Business Performance Blog
We share our news and reflections on the world of business.
Join our discussion on the latest research, reports and opinion.
Performance Appraisals – How to Use Numerical Ratings
Submitted by Leslie Allan on July 27th, 2011
Lately I’ve been sounding off about the damaging effects on employee morale of putting a numerical rating on each individual. This typically occurs during the annual performance appraisal cycle. I’ve been saying that we need to throw out summary rating scales altogether.
Managers and employees alike get so hung up on whether an employee is a ’3′ or a ’4′ that the basic message gets lost entirely in the pent up emotions released when fighting over a number. And tying the magic number to a reward, whether it is a promotion, salary increase or a bonus, only further blackens the emotional blind spots -not to mention the resulting fractured working relationship from that point forward.
I am often asked whether numbers can be used at all during the appraisal process. I am a firm advocate of using measures to plan and review business performance. So, how can a disdain for putting people in numbered boxes be reconciled with a strong measurement focus? Here is how I think numbers can be used to great effectiveness in a well-performing performance management system:
1. Multi-rater feedback systems
Where appropriate and in places where trained facilitators are available to debrief, use one of the popular 360 degree feedback survey instruments to rate employee and team behaviors. The trick here is to not summarize all of the specific scores into an overall figure and apply to an individual. Centre the discussion on the feedback score for each behavior, discussing key strengths and developmental opportunities. Using a multi-rater instrument also avoids the perceived subjectivity of an individual manager ticking a number on a rating scale.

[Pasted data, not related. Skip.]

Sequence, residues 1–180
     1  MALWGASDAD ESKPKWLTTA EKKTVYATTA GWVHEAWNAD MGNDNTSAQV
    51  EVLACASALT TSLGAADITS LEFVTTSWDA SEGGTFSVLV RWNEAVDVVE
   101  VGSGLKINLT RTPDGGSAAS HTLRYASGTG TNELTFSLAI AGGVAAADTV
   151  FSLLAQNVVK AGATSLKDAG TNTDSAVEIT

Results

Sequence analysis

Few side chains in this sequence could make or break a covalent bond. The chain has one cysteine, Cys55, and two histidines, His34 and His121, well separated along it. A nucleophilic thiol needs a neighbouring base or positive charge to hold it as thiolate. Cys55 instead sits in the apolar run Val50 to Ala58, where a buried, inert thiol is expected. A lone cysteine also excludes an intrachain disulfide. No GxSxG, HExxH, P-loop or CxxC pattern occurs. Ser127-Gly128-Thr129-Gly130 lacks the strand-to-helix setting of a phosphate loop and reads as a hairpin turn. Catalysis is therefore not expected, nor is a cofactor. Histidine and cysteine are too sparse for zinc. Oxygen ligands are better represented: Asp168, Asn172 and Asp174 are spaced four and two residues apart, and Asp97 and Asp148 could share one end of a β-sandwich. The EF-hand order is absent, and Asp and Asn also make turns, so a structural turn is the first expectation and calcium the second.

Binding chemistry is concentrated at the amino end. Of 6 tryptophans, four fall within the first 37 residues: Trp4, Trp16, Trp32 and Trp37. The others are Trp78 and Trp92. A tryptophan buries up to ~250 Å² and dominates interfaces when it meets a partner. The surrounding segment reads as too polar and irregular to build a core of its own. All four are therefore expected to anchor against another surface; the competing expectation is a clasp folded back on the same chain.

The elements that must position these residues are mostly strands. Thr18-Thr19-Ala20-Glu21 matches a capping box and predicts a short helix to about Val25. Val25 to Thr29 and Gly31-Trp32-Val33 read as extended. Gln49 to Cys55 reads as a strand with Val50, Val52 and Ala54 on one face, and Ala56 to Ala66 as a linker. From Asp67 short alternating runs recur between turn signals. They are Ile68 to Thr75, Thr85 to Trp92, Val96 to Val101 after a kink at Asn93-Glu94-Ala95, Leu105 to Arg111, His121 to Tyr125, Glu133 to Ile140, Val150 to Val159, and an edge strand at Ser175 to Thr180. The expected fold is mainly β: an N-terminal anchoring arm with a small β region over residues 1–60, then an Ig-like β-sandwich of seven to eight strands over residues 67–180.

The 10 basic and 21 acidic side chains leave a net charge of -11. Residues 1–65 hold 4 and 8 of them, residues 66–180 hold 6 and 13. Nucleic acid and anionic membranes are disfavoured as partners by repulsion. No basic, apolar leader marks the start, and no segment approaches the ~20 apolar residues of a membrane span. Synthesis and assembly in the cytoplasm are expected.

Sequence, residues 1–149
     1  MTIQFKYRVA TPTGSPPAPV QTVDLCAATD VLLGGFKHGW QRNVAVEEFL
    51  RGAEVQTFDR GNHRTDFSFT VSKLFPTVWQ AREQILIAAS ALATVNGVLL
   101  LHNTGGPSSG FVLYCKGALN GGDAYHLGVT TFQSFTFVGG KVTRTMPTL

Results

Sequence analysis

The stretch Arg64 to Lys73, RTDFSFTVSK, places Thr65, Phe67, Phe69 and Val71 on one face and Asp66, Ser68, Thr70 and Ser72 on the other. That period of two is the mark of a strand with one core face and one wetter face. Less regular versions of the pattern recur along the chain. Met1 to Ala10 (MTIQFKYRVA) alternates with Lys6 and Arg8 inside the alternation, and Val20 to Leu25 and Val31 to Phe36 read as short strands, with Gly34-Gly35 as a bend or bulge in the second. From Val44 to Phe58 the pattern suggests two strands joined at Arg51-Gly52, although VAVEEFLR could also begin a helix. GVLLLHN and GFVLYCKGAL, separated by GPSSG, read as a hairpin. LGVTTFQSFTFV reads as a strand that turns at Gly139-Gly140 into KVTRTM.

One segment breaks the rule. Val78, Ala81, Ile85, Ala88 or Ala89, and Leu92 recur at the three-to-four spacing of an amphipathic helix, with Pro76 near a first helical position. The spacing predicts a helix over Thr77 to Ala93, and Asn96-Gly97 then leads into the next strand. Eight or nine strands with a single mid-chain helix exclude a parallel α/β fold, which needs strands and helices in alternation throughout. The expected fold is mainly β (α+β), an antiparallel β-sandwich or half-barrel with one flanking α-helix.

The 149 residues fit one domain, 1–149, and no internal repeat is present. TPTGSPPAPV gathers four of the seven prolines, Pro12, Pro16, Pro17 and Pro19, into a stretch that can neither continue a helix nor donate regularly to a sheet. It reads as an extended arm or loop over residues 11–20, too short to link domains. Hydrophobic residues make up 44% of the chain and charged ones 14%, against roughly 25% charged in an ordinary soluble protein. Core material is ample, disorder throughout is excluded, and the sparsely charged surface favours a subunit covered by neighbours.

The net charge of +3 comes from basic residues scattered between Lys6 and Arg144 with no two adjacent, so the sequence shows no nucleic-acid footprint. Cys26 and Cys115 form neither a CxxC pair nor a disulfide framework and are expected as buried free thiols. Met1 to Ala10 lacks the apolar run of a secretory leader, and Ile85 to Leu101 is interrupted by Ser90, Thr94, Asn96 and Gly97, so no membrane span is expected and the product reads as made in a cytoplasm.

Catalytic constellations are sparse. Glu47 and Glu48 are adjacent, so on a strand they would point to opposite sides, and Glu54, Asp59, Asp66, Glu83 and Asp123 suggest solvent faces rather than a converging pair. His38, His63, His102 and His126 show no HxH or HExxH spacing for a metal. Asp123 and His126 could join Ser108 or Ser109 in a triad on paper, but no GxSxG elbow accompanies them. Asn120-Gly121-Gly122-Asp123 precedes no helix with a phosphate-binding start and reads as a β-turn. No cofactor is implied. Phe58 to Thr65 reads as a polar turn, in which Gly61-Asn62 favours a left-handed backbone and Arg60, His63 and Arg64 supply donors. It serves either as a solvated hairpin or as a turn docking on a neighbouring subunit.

2. Goal setting and review
For each individual and team, set agreed and measurable targets. For example: “At least 10 out of 12 monthly reports submitted by the end of the month.” “Defect rate less than 2% by end of year.” These are objectively measurable and focus the discussion on outcomes and what is needed to meet targets. The focus is off notions of individual worth.
Yes, setting measurable targets is difficult for many managers and supervisors. I’ve met some that would rather have their tongue pierced with a red hot iron. And yes, many managers find it excruciating having to have an honest but respectful conversation with an employee about their performance. Bestowing a largely subjective assessment of ’2 – Needs improvement’ may seem easier; the manager doesn’t need to do much work to declare a number. However, the cost in nervous sweat and bottoming morale is high.
Do you need help with implementing your new performance management system? Many implementations fail because the change process was not handled well. If you need to keep managers and employees on board throughout your organization’s change journey, get a copy of my Managing Change in the Workplace guide and workbook.
The guide covers every aspect of managing change effectively and uses my unique CHANGE Approach to getting all affected on board and working towards the new way of doing things. As you work through the guide, you will complete a series of practical exercises that will help you plan and manage your change for maximum impact. Find out more about Managing Change in the Workplace and download the free introductory chapter today.